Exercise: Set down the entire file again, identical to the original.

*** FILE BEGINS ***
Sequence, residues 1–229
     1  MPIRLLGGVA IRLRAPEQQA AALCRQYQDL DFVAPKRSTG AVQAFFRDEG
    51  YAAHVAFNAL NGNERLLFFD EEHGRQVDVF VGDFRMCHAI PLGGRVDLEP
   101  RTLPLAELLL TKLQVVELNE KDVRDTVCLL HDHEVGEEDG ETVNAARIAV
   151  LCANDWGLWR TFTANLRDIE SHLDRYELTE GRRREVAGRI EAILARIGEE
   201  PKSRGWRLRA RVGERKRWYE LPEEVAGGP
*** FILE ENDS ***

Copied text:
Sequence, residues 1–229
     1  MPIRLLGGVA IRLRAPEQQA AALCRQYQDL DFVAPKRSTG AVQAFFRDEG
    51  YAAHVAFNAL NGNERLLFFD EEHGRQVDVF VGDFRMCHAI PLGGRVDLEP
   101  RTLPLAELLL TKLQVVELNE KDVRDTVCLL HDHEVGEEDG ETVNAARIAV
   151  LCANDWGLWR TFTANLRDIE SHLDRYELTE GRRREVAGRI EAILARIGEE
   201  PKSRGWRLRA RVGERKRWYE LPEEVAGGP